The main point that I want to highlight in this post is my support for non-Green candidates in Harris County. There may be some Greens who vote a straight Green ticket and walk out, but I don't know any. Many of us push buttons for Democrats in local, district, and even statewide races.
Harris County Democrats We Like
Sorry/not sorry for the use of the royal "we." Let royal "us" get these recommendations for Harris County offices out of the way, because they come with few complications. These candidates are all running as Democrats, and I support them with enthusiasm:
- Ed Gonzalez for Sheriff
- Kim Ogg for District Attorney
- Vince Ryan for County Attorney (incumbent)
- Ann Harris Bennett for Tax Assessor-Collector and Registrar of Voters
- Rodney Ellis for County Commissioner, Pct. 1 (unopposed, see below)
- Jenifer Rene Pool for County Commissioner, Pct. 3 (not my precinct)
Harris County Greens We Love
Back in March, we had several more candidates locally, but for various reasons those candidates had to withdraw from their respective races. For example, Natalie Upchurch dropped her candidacy for Tax Assessor-Collector several months ago, so this list on txgreens.org is not entirely up to date.
Apart from Martina Salinas for Texas Railroad Commission, three candidates for State Supreme Court, and two for Court of Criminal Appeals, here are the Green candidates still running in Harris County:
- JosH Darr for US House District 2
- Thomas Kleven for US House District 18
- James Partsch-Galvan for US House District 29
- Hal Ridley for US House District 36
- Joe McElligott, Texas House District 127
- Brian M. Harrison for Texas House District 147
Of these six bulleted candidates, the only one whose name will appear on my ballot is Kleven. Sadly, most of our candidates in Texas don't have campaign websites. We active Greens are busy people, and we don't have much in the way of campaign funds to make quality sites; McElligott just worked a little WordPress magic for his. In the 2018 election cycle, I will be pushing an initiative in the county and state Green Parties to make certain that our candidates do more than throw together a Facebook page.
There is no Democrat running in McElligott's district, by the way. Despite incumbent Dan Huberty's bizarre behavior, including making drunken threats that were captured on video, Huberty will likely be re-elected in the heavily Republican Kingwood area, but McElligott has a chance to make a splash there.
For Congressional and State House districts, I must admit that I haven't done the necessary research to see whether all the Democrats running are worth a vote, but I would start with the assumption that they are. Twelve of our 24 House seats are safer than safe, with eight Democrats and four Republicans running unopposed, plus one facing only a write-in opponent (see next section).
If I lived in House District 134, it would be a tough call: I might just cast a vote for Republican Sarah Davis, whom I have met, and with whom I was not impressed when she first ran in 2012, but who has grown into the office as a moderate Republican. (UPDATE 24 OCTOBER: Actually, no, I wouldn't. See the Comments on this post.) As with our County Judge Ed Emmett, it warms my heart to know that such creatures still exist, Republicans who actually believe in governing in the service of the people rather than grandstanding. But Democrat Ben Rose has run a strong race and has plenty of fans with yard signs in the affluent neighborhoods around Rice University and Greater Meyerland.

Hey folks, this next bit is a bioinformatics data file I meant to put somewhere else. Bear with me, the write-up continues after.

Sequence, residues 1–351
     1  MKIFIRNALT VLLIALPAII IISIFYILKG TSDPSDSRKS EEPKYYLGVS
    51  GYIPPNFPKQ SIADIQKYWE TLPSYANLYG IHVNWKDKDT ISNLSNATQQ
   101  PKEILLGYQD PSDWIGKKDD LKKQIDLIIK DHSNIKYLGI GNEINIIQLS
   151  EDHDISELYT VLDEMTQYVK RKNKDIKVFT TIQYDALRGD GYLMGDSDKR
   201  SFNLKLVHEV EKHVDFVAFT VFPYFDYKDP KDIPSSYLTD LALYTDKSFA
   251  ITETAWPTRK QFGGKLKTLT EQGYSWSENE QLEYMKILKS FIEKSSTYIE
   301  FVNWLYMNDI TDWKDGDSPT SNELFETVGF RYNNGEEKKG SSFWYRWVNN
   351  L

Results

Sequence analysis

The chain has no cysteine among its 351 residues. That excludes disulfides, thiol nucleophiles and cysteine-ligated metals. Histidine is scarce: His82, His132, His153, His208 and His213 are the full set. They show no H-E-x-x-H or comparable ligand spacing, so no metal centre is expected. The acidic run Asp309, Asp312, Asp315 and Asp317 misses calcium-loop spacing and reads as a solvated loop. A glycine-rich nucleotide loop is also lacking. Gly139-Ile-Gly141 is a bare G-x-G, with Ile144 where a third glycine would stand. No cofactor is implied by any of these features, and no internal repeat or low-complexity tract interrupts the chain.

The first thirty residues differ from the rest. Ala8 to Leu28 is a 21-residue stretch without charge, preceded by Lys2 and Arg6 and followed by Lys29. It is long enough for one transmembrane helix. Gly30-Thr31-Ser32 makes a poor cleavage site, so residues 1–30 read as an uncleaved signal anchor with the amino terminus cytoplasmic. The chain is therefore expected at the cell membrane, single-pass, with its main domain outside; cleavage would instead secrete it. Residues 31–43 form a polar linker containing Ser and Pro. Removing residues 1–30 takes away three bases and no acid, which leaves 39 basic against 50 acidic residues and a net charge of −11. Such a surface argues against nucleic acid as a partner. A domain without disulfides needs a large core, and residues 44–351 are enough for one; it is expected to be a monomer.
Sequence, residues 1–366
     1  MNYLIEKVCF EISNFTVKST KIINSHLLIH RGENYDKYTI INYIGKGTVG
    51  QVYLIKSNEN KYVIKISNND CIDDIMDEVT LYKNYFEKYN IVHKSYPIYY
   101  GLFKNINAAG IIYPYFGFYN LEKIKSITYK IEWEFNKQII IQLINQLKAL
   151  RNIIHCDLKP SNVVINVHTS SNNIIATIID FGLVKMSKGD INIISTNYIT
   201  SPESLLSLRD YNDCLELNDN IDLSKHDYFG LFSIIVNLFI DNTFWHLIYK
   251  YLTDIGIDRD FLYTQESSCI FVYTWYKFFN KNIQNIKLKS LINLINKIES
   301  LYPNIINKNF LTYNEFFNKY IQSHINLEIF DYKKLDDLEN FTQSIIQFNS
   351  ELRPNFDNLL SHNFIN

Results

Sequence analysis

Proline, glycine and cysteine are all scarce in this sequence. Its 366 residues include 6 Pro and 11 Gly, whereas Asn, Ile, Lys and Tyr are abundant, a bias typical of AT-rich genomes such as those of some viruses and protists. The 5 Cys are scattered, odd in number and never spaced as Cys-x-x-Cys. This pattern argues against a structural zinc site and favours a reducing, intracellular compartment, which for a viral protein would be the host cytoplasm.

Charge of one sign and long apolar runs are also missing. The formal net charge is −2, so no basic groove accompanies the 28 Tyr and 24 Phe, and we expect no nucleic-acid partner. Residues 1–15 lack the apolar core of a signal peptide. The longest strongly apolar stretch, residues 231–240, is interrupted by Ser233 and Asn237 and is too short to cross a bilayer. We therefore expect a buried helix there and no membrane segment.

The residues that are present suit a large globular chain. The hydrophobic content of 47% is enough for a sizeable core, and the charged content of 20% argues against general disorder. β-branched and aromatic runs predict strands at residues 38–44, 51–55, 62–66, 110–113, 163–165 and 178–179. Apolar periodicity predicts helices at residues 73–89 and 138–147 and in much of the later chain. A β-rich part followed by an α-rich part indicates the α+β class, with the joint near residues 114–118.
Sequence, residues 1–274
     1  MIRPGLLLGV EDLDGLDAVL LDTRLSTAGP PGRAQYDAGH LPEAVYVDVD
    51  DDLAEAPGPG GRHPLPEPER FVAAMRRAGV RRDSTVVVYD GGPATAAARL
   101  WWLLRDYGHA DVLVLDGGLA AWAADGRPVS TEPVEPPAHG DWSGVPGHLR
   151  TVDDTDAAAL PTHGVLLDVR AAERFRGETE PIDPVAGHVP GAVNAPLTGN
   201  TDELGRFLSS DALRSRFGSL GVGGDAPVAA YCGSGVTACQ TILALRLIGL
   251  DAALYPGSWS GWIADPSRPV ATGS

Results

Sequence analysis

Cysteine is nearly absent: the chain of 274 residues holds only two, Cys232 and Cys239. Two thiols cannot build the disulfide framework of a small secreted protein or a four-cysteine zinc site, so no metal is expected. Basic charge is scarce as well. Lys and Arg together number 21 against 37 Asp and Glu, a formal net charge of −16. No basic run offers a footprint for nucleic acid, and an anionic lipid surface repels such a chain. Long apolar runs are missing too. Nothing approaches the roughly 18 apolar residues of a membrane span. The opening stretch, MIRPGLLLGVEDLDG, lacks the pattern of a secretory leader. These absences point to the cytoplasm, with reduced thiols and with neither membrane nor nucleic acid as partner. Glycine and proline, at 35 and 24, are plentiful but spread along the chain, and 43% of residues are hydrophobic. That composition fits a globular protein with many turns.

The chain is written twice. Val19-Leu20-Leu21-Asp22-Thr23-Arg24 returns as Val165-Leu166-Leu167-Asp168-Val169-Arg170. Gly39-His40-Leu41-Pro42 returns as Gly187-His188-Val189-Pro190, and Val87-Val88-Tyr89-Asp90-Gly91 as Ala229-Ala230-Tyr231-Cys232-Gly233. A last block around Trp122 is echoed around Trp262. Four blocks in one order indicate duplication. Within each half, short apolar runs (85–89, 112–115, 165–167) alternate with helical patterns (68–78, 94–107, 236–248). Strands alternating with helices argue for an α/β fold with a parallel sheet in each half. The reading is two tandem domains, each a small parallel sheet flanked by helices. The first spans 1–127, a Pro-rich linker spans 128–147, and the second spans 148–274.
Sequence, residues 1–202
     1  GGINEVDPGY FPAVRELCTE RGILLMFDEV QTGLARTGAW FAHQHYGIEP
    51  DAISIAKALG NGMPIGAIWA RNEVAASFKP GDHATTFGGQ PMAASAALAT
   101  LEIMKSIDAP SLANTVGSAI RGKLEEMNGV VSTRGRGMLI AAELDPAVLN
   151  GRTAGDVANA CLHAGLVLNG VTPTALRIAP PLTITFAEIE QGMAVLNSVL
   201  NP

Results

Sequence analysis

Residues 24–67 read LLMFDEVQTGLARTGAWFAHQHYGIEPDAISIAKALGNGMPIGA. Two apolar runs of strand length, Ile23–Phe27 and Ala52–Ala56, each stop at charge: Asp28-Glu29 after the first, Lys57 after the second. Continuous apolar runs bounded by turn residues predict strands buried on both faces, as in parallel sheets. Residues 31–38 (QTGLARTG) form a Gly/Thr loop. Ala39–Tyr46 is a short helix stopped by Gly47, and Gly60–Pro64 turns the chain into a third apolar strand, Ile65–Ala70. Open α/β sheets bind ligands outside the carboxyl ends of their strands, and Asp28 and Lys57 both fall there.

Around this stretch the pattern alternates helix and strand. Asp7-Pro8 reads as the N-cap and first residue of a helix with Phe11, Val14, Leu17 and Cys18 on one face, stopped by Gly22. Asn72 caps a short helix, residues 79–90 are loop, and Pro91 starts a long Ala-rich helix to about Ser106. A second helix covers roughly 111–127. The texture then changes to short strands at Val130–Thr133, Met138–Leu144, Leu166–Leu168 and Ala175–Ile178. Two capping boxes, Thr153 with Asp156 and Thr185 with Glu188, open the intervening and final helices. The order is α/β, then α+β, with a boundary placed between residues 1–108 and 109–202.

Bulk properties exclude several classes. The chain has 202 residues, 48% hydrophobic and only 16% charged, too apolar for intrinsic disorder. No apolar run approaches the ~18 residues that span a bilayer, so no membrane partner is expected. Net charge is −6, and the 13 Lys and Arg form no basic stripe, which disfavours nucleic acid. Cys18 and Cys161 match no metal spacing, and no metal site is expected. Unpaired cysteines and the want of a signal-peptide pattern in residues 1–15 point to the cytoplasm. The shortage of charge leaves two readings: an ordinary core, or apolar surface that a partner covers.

I also like what I've seen Dakota Carter, candidate for State Board of Education, District 6.
We also have races for constable, justice of the peace, various district judgeships, and county school trustees. Yes, I'll be voting for Democrats in those; the constable and JP candidates in my precinct have no opposition.
Recent mayoral candidate and perennial advertiser on the back page of the Houston Press Eric Dick is running as a Republican for County School Trustee, Position 2, Precinct 4. He may win that on name recognition alone.
My House District
In Texas House District 146, we have an interesting situation, and I haven't yet made a firm decision on this race. Here's how it has played out:
- Precinct 1 County Commissioner El Franco Lee, the 30-plus-year incumbent, passed away in January. He was the only candidate in the Democratic Primary, and the state does not have a mechanism for a replacement candidate.
- However, per Texas election law, the Democratic voting precinct chairs met after the Primary to choose a temporary replacement, and they selected State Senator Rodney Ellis to run in the General Election.
- So that left Ellis's seat in Senate District 13 open; the precinct chairs in 13 chose State Representative Borris Miles of District 146 to run for that seat. (Miles, a notoriously temperamental insurance broker who has established a scholarship fund for economically disadvantaged youth in his district, has my vote.)
- Shawn Thierry is the Democratic nominee for 146, thanks to 13 of the 24 precinct chairs in that district who showed up to vote in a special caucus. Hers is the only name on the ballot for that spot.
- However, Roy Owens is staging a write-in campaign in opposition to Thierry. Campaign signs urge voters to "write in Democrat Roy Owens."
Attorney Thierry or local entrepreneur Owens? The one chosen by a slim majority of Democratic insiders (including one LaRouchite), or the guy with the stones to challenge the nominee and the process that selected her? Neither of their websites says diddly about policy—or as McElligott would say, "You don't even have a platform!"
Fortunately, we can learn something about their positions on education, health care, and the right to vote from the indispensable League of Women Voters Guide: Mainly, we can learn that Thierry's and Owens's responses to the questions posed therein are remarkably similar. Oy.